Topping the list are hacking of customer computers, employee embezzlement and ATM signage
Brien O'Connor, vice president of Texas Bankers Insurance Agency, has 23 years of experience in the area of bank losses, including robberies, scams, slips and falls, computer losses and lawsuits against banks. During his visits with bankers, he has developed "Talking Points" that highlight current problems he sees across the state.
Three items included on his talking points are computers, vacations and signage on ATM machines:
The bank's Financial Institution Bond contains insurance coverage, which, in certain instances, will pay for losses should its computers be hacked. The big concern, however, is not the bank's computers, but customer computers that are being infiltrated by hackers.
Through emails and infected websites, fraudsters are accessing business computers and implementing key loggers. Once they get into the computers, the fraudsters can implement wire transfers through cash management software or send emails to the bank requesting that funds be transferred to various bank accounts across the country.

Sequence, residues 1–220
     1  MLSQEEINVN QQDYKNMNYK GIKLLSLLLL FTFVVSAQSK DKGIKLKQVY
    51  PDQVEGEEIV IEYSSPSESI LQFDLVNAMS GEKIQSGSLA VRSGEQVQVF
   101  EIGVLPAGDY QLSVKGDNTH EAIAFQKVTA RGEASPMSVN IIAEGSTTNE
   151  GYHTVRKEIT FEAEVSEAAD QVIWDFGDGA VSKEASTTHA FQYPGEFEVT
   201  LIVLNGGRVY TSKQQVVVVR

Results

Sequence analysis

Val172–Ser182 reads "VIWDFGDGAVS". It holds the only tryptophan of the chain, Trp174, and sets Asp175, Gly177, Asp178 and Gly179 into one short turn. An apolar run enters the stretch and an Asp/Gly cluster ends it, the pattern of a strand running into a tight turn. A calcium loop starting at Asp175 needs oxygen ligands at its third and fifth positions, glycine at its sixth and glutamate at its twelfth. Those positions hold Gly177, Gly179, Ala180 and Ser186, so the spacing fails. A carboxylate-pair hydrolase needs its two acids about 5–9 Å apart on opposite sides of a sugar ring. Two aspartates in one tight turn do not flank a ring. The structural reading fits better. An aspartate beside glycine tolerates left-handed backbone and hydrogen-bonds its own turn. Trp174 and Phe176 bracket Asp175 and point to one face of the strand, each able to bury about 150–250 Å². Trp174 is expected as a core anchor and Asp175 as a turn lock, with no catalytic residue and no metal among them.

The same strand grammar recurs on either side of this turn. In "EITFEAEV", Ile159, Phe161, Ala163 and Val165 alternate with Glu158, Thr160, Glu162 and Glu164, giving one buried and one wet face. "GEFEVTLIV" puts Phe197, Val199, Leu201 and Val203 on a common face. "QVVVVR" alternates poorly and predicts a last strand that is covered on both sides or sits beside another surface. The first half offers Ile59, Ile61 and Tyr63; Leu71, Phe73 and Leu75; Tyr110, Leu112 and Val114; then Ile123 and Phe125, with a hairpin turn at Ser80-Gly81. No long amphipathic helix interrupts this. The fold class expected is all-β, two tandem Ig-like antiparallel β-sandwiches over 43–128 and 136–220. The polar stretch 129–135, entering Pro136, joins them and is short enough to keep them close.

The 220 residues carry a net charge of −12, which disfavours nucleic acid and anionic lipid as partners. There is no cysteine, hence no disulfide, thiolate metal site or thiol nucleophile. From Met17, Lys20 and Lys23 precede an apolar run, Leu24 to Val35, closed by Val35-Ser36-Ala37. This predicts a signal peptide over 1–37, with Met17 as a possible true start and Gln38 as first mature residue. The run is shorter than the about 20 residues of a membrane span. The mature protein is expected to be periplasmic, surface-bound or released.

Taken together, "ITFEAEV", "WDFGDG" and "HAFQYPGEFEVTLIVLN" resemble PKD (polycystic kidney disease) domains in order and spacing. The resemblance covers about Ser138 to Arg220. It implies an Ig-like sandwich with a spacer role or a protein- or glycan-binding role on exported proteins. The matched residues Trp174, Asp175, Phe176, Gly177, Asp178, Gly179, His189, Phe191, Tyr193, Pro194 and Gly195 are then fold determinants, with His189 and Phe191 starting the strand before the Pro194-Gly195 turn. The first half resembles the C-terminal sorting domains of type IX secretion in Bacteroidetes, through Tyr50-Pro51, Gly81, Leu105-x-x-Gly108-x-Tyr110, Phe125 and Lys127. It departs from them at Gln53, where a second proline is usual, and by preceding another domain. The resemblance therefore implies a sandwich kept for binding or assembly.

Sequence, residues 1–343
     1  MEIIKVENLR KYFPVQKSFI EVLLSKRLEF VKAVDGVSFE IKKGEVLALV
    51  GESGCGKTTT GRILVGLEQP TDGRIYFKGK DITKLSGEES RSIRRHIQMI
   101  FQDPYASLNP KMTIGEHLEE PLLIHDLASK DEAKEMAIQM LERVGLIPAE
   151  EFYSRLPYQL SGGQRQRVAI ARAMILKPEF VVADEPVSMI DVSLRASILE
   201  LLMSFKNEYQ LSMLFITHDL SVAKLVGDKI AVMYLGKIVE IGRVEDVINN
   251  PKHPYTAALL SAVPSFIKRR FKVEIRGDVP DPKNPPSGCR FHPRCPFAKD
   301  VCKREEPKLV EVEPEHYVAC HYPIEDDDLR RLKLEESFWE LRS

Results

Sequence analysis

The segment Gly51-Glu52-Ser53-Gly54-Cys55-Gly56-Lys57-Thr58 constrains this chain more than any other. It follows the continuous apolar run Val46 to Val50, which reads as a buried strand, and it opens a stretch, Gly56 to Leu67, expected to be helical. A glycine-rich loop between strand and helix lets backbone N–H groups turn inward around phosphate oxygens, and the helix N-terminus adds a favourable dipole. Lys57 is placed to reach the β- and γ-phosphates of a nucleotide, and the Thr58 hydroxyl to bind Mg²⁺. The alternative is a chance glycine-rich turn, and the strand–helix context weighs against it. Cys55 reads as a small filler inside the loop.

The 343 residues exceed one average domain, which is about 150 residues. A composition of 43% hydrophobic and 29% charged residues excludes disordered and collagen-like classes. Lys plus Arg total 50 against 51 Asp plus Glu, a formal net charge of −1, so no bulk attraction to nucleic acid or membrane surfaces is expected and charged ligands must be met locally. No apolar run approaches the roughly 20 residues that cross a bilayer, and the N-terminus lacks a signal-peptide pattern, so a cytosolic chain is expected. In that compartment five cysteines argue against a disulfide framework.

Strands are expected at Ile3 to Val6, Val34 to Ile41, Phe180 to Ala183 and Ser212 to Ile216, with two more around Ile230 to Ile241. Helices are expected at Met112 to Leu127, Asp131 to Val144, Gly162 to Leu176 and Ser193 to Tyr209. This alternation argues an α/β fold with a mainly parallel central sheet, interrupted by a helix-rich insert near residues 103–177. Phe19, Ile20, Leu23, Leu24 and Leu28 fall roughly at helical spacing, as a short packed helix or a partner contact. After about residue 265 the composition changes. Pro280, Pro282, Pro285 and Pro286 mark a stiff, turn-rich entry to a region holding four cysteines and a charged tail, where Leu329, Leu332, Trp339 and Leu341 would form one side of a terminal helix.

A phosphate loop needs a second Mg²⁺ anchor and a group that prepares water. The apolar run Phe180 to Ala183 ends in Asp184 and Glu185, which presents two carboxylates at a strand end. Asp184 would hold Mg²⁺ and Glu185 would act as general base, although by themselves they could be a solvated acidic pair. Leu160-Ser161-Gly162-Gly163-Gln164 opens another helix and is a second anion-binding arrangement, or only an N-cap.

A bank's Financial Institution Bond (Blanket Bond) does not cover these types of losses unless the bank has called and verified the wire transfer request.
Underwriters at One Beacon Insurance advise that the bank must also have a written agreement with customers that is completed in advance and provides the names of authorized persons to make wire transfers and an agreed upon verification process.
Obviously, if the bank is calling back, the chances of a loss are more remote. If the wire transfer is less than a bank's deductible, some insurance companies allow for a no callback exemption. Others may give banks a $100,000 limit before callbacks are required. It's important for banks to check with their company to be sure of their limit.
Invariably, the loss will occur with one of the bank's largest commercial accounts, with customers who are very vocal within the community. At that point, the bank must make a business decision as to whether to reimburse the account or not. Reimbursement will come out of the bank's bottom line, however, and not the insurance company.